In modern times, the story has been warped. The modern Kul Tirans believe that the stone constructs were used for a longer period than just near the end of the war, that Arom had killed Gorak Tul, and that Gorak Tul's living army fell soon after his death instead of earlier on.[1]

The Drust would live on as spirits, trying to return to the physical world.[6] The Waycrests had wiped out the Drust, but could not destroy Gorak Tul. For countless years he waited to enact his vengeance from within Thros,[15] until Lady Waycrest provided the means.[16]

Battle for Azeroth

Battle for Azeroth This section concerns content related to Battle for Azeroth.

Stricken with grief due to her ailing husband Arthur, Lady Waycrest called out to any power that could save him. Gorak Tul answered her cry and promised that death would never part the couple, for a price.[17] Gorak Tul taught the Drust's ancient death magic[18] to Lady Waycrest, who in turn formed the Heartsbane Coven. The coven's magic awakened the remaining stone constructs[10] and stirred the Drust's spirits, drawing them back to fight once more as skeletons.[19] Other Drust spirits were put into wicker constructs.[20]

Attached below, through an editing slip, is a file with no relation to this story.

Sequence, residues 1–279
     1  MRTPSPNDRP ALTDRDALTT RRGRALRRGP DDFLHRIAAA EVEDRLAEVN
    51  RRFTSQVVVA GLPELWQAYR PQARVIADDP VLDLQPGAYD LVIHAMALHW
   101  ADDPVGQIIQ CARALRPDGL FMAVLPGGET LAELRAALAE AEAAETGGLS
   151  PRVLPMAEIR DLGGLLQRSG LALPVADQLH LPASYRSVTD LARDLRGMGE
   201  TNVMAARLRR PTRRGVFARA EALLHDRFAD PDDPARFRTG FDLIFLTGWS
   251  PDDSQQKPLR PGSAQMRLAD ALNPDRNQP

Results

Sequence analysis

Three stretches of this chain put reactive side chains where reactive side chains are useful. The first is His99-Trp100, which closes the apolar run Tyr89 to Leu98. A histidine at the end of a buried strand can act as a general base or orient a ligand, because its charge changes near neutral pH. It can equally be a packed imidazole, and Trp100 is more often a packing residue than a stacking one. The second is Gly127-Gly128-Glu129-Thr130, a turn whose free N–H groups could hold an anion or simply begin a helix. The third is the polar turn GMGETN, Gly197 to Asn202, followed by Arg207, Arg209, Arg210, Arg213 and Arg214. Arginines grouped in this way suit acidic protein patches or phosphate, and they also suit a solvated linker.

But Lady Waycrest was merely a vessel for Gorak Tul's power, and her death opened the Rupture, the doorway for the Drust to enter Azeroth.[16] At the Rupture Gorak Tul was able to raise his people from the dead, but he was slain nonetheless. However, upon his death Gorak Tul revealed that it was only a vessel and he still existed in the Blighted Lands. Even so, the Heartsbane Coven was broken and Drustvar was released from Gorak Tul's power.